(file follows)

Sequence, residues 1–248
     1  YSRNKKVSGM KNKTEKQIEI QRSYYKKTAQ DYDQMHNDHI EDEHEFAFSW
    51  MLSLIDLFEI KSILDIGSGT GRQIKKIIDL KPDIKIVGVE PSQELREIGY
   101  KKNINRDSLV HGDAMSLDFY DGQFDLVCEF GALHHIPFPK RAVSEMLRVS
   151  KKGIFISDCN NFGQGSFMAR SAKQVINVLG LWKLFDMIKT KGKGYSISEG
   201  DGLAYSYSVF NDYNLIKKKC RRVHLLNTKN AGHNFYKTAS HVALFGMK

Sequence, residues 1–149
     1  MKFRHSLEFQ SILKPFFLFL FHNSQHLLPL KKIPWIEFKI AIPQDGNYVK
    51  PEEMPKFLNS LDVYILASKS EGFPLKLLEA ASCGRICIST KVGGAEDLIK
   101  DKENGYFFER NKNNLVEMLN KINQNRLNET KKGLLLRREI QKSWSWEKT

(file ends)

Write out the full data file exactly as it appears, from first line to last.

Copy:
Sequence, residues 1–248
     1  YSRNKKVSGM KNKTEKQIEI QRSYYKKTAQ DYDQMHNDHI EDEHEFAFSW
    51  MLSLIDLFEI KSILDIGSGT GRQIKKIIDL KPDIKIVGVE PSQELREIGY
   101  KKNINRDSLV HGDAMSLDFY DGQFDLVCEF GALHHIPFPK RAVSEMLRVS
   151  KKGIFISDCN NFGQGSFMAR SAKQVINVLG LWKLFDMIKT KGKGYSISEG
   201  DGLAYSYSVF NDYNLIKKKC RRVHLLNTKN AGHNFYKTAS HVALFGMK

Sequence, residues 1–149
     1  MKFRHSLEFQ SILKPFFLFL FHNSQHLLPL KKIPWIEFKI AIPQDGNYVK
    51  PEEMPKFLNS LDVYILASKS EGFPLKLLEA ASCGRICIST KVGGAEDLIK
   101  DKENGYFFER NKNNLVEMLN KINQNRLNET KKGLLLRREI QKSWSWEKT